"It's almost like Peterborough's mouth has had its teeth taken out," says Toby Wood.
The vice chairman of the city's civic society says the shop that has been there since 1982 is "more than a store".
Many in the city would agree.
John Lewis had been destined to be the anchor store of the Queensgate Shopping Centre years before anyone even stepped foot in the mall.
Planning officers gave the green light for the shopping centre to be built in the summer of 1976 and the retail giant announced it would open a store there just months after.
The John Lewis store marked the company's return to the city after an absence of 25 years.
Since then, other shops have come and gone, but the four-storey department store has remained a mainstay.
It even underwent a £21m revamp in 2019 - something which the city's MP Paul Bristow had hoped would save it from closure.
The Conservative MP wrote to John Lewis bosses in July, just before the company announced its first wave of closures.
In that open letter, he said the store was "at the heart" of the city.
"A role that you acknowledged through your £21m upgrade which was only recently completed," he wrote.
He says branch managers at the time described the revamp as a "model for the rest of the company to follow" and that it put the store at the "forefront of efforts to combat the overall decline we are seeing in retail".
The MP wrote again ahead of Wednesday's announcement and says he was told the news he did not want to hear directly, shortly after staff were informed about the decision.
He said he was "extremely disappointed" and asked how the business "could justify this closure, given the company's investment in the store and opportunities within our city".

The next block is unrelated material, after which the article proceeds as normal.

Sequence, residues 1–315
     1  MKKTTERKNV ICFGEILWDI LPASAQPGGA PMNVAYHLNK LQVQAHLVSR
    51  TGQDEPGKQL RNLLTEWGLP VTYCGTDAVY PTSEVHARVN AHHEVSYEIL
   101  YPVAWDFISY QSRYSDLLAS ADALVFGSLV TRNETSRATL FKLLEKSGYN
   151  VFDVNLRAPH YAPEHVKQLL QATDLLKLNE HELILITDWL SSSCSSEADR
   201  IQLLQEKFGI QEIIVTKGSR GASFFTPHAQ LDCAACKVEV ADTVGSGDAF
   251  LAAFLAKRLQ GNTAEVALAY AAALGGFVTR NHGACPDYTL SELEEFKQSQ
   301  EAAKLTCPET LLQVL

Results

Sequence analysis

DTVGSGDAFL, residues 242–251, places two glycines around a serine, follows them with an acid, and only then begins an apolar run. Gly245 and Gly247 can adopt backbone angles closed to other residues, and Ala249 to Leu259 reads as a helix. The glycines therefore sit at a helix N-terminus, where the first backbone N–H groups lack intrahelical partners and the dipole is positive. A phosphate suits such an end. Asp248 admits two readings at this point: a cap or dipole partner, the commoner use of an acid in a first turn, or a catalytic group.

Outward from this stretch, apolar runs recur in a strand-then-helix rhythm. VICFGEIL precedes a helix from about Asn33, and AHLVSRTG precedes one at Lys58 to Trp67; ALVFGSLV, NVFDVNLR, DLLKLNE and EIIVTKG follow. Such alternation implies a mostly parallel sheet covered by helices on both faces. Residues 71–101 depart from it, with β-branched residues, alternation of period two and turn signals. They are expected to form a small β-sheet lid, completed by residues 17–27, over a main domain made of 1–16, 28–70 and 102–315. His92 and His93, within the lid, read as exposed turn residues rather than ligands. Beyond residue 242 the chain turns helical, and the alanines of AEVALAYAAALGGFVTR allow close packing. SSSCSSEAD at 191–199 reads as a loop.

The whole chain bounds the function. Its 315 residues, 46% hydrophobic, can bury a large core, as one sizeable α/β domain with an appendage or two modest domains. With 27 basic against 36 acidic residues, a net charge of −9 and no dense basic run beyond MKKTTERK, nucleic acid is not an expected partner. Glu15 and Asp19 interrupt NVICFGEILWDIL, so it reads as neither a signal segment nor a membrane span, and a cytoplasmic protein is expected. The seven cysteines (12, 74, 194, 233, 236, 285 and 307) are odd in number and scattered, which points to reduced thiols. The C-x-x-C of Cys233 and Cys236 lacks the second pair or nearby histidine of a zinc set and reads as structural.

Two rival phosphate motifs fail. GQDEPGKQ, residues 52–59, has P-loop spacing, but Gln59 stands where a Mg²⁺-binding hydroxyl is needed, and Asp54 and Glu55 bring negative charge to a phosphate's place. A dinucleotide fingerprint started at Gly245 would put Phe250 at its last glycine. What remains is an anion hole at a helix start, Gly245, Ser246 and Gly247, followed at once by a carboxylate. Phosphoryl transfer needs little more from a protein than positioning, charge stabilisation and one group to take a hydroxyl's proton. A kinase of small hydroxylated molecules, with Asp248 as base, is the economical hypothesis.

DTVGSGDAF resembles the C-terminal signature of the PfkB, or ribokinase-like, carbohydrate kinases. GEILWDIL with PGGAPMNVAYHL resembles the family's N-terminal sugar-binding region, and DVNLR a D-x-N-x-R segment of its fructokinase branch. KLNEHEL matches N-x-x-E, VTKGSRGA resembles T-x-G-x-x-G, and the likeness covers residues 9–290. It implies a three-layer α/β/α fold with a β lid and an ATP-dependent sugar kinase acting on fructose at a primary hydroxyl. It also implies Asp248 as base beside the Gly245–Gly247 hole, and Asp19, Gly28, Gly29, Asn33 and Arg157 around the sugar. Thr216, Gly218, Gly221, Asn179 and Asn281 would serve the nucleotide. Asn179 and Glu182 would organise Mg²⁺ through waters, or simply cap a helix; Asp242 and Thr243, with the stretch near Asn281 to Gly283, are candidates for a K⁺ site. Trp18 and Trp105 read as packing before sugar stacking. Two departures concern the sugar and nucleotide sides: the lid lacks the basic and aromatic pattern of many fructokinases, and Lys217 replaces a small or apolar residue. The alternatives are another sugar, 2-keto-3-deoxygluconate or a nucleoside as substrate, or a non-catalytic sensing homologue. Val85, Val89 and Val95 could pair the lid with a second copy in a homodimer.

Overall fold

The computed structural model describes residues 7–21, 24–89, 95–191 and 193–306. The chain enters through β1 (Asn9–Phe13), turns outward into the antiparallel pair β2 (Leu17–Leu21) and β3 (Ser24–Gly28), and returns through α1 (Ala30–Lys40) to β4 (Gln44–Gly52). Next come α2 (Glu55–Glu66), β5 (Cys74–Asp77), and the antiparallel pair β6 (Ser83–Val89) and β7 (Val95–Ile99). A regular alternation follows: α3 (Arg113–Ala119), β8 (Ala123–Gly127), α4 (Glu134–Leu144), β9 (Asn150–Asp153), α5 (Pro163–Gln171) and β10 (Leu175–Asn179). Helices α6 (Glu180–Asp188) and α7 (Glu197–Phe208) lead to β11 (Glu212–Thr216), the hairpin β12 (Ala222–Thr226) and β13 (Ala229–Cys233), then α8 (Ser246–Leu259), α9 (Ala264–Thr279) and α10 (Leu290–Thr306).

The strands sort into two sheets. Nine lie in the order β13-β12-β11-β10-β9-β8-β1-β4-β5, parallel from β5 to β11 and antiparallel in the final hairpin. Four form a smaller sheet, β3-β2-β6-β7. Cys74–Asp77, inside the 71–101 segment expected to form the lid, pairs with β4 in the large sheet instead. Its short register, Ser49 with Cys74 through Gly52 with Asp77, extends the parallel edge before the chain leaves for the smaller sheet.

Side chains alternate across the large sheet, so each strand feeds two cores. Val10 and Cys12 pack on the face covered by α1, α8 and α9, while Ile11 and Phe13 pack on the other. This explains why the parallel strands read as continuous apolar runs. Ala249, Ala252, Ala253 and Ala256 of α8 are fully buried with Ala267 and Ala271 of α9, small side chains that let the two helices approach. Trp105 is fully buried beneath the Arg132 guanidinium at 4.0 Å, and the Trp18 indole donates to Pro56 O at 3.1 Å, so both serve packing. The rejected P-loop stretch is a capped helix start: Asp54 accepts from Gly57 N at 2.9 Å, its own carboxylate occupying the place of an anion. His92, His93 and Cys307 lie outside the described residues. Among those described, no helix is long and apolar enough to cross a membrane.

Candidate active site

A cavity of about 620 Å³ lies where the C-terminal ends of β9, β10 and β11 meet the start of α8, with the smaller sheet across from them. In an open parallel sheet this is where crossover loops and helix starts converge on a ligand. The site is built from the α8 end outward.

The proposed closures put 1,454 jobs at risk across eight stores in England and Scotland.
John Lewis says 318 of those are at the Peterborough branch.
It is another blow for the city which is also losing its Debenhams distribution centre, with the loss of up to 500 jobs.
Shopper James Morrell says he usually goes to John Lewis to look at the "tech" and says it will be a shame to not see it reopen after lockdown.
"This is pretty much all we've got in Peterborough really, it's our main selling point," he says.
But he says it "might be nice for little independent shops to come along and take up the space".
Jim Edwards, who has run a sandwich bar in Peterborough for 36 years, says the closure of the "big shops" affects the smaller ones, too.
"Soon why will people want to come? They will just stay in the retail outlets out of town," he says.
Shoppers not having a reason to come into Peterborough is also something that worries Mr Wood.
"It's desperate news for the workers and the people of Peterborough, but the worst thing of all is that Peterborough is no longer going to be a go-to destination for people from Oundle, Thrapston, Huntingdon, all those people around," he says.
"Why would they come to the centre of Peterborough if John Lewis is closing?"
Mr Wood says the planned closure - which John Lewis puts down to the "significant shift to online shopping" - is a "stark reminder of how the world is changing".
"City centres are changing, we have to come to terms with that, we're not returning to some kind of normal, the new normal is going to be different," he says.
"Peterborough needs to look at that and the rest of the country needs to look at that.
"No-one knows what different is going to look like but we have to be proactive and make it happen for the city of Peterborough."
The other affected stores are 'At Home' shops in Ashford, Basingstoke, Chester and Tunbridge Wells, and department stores in Aberdeen, Sheffield and York.
John Lewis says it will enter a consultation with all affected staff and if the closures are confirmed, it will make "every effort" to find alternative roles in the company for as many staff as possible.
In July last year, it announced it was closing its stores in Birmingham, Croydon, Newbury, Swindon, Tamworth and Watford, as well as the smaller hubs at St Pancras and Heathrow, with the loss of 1,300 jobs.